(CNN) -- On last Sunday's "Reliable Sources," I made a last-minute decision to add an item about Bristol Palin's ex-boyfriend -- not because I'm particularly fascinated by the ex-boyfriend, mind you, but because Sarah Palin had just ripped Levi Johnston apart.
Levi Johnston and Bristol Palin appeared together at the Republican National Convention in September.
"We're disappointed that Levi and his family, in a quest for fame, attention, and fortune, are engaging in flat-out lies, gross exaggeration, and even distortion of their relationship," the Alaska governor said in a statement released by her office.
Not since the last time she opened fire on a caribou has Palin used that kind of ammunition -- which had the effect of boosting interest in the young man's appearance with Tyra Banks. And the Tyra sitdown got Levi an even bigger audience, with Maggie Rodriguez on CBS's "Early Show."
What a mess. But is it a highly personal mess involving two 18-year-olds that we in the media should avoid?
I put that question to Deborah Norville of "Inside Edition" and Washington Post gossip columnist Amy Argetsinger for a segment that will air Sunday morning at 10 ET on "Reliable."
Why would Levi Johnston, having just split up with the woman whose baby he fathered, seek out the TV spotlight?
"It's very intoxicating," says Norville, a former "Today" co-host, "when the producer from New York calls you up and says, we'd be happy to fly you and your mom and your sister to New York, we'll put you up in a nice hotel, we'll have fancy cars for you, maybe we can even get you tickets to go see the Statue of Liberty."
Argetsinger is conflicted about the media's role in the saga. "I feel a little bit hypocritical here," she says. "On the one hand, would I like to have an interview with Levi Johnston? Heck, yes. I would. I'd be delighted to talk with him."
Norville, meanwhile, says this wasn't high-quality journalism: "If you're going to do the interview, do a good interview. Please ask follow-up questions." On the "Early Show," when Johnston was asked about the governor's insistence that he hadn't lived with the family, "he said, 'Yes, I stayed there.' How many nights did you stay there? Did you stay there for weeks at a time? Did you stay one night on occasion? Did the governor know when you were staying there?"
My gut instinct is that journalists ought to leave these young people alone. Bristol Palin is famous only because her mother ran for vice president, and Levi is semi-famous because he happened to be the boyfriend who knocked up the daughter. Neither one, in other words, asked to be a public figure.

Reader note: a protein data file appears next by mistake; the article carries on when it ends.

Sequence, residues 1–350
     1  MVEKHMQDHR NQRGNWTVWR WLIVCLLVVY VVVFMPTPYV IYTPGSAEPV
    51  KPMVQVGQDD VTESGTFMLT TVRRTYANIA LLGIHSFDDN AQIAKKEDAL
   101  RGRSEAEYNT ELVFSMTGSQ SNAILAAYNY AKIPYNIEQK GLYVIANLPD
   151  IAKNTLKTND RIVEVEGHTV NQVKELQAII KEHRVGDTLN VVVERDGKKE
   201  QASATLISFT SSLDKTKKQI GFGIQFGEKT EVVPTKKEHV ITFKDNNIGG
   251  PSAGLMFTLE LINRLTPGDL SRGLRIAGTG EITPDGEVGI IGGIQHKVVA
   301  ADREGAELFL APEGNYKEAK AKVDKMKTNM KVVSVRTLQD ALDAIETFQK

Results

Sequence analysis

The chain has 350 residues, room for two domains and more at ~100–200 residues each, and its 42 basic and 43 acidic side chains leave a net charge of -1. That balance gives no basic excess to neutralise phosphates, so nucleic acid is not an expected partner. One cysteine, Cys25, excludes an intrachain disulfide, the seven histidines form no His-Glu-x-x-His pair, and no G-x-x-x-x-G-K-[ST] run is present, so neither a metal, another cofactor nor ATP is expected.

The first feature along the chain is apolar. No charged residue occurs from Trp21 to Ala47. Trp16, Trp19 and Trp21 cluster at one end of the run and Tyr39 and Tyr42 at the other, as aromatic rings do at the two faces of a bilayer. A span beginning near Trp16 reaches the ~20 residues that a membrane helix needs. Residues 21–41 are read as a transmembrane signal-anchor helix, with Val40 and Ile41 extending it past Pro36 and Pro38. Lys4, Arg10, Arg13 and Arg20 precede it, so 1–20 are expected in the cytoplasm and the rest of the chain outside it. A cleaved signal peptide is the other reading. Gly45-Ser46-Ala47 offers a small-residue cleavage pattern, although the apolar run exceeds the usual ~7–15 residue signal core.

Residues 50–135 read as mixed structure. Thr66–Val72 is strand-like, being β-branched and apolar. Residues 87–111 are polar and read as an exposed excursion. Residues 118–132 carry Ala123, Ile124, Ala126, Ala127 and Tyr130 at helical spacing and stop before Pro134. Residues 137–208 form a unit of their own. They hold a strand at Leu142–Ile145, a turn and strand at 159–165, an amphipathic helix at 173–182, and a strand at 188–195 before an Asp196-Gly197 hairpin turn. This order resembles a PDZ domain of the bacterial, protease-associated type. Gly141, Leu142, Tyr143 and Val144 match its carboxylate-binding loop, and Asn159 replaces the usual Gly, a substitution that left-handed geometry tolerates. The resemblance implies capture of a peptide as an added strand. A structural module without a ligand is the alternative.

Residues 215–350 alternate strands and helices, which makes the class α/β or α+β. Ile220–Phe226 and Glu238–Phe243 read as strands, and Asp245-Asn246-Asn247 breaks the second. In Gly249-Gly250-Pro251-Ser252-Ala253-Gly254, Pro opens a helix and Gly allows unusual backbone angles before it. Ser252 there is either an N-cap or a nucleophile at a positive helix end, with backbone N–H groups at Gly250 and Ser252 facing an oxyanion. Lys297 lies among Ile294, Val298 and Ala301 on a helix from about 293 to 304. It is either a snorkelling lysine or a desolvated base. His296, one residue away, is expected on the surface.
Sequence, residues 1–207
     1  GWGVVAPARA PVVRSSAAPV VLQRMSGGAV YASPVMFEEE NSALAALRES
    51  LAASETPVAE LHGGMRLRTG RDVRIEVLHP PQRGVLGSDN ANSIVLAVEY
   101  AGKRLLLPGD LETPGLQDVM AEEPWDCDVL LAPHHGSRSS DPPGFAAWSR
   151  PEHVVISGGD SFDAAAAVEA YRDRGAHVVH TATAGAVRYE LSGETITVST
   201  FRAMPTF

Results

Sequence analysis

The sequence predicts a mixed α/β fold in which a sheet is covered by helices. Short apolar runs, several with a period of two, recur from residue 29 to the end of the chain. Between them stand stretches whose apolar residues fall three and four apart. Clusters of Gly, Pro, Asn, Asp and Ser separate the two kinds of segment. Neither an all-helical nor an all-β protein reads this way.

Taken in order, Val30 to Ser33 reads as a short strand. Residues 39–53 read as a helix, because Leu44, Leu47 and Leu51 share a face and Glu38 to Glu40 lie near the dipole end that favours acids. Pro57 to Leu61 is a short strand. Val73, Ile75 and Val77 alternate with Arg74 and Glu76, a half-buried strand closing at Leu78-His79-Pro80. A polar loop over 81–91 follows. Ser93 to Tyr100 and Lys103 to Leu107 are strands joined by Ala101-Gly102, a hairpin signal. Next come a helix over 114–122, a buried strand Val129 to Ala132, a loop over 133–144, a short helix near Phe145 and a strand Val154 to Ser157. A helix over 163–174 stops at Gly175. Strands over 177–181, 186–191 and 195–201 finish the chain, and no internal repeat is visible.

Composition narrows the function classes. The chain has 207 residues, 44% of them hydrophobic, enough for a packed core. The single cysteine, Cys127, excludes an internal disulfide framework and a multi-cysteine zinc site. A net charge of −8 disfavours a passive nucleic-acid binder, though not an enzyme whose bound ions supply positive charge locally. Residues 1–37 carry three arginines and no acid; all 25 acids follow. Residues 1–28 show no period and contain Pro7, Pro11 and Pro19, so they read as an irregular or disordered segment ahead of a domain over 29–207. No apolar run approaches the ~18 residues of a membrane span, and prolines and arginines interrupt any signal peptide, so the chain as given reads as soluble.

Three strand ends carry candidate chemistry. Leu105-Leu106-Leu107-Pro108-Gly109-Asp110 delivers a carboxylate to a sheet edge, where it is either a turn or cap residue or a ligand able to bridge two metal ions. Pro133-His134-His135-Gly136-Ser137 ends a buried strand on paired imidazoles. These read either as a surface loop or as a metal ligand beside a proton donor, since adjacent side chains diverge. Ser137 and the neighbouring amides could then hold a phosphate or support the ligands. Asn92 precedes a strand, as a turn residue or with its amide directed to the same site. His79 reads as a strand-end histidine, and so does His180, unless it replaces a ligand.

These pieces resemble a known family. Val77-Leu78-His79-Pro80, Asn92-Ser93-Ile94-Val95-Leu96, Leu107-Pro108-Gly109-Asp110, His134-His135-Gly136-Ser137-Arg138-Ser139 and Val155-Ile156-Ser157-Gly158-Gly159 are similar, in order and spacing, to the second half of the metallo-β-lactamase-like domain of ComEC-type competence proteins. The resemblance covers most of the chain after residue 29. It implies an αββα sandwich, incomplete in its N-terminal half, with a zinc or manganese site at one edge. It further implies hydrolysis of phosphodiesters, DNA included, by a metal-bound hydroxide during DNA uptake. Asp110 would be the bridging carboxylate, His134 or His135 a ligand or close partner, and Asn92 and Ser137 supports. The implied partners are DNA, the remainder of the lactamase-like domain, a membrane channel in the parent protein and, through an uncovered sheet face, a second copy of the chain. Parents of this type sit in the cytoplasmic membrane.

But here's the rub. Gov. Palin trotted out Levi at the Republican convention and said he'd be marrying her daughter, all to present a nice family image for her debut as John McCain's running mate.
Once you do that, you can't hide the kids behind a curtain when things go sour.
And Bristol did an interview a few weeks back with Greta Van Susteren of Fox News in which she said Levi was playing an important role in the baby's life and did not mention the breakup. Under those circumstances, you can hardly blame Levi for wanting to tell his side of the story.
A more public figure who also hit the airwaves this week is Eliot Spitzer, or, as I still think of him, Client No. 9. The former New York governor, who resigned a year ago over his involvement with prostitutes, clearly wants to be a player on financial issues.
He's already written pieces for Slate and The Washington Post. But he couldn't keep ducking his sordid past forever. So he sat down with Matt Lauer.
Spitzer said he had only gone to high-priced call girls a few times, but Norville is critical of the "Today" interview. "He didn't talk about how many times when Matt asked him, how often did you frequent these kinds of people? He didn't say, even though prosecutors say as much as $80,000 was spent. You can't say it was just a few times. But Spitzer managed to do the interview and not really say anything."
A question for my colleagues: Should we care about Spitzer's views on AIG when he broke the law with Kristin, and humiliated his family in the process?
There are, without question, more pressing issues right now than hookers and one out-of-wedlock baby. But if national programs are going to devote precious airtime to this sort of thing, we ought to examine what they're doing and why.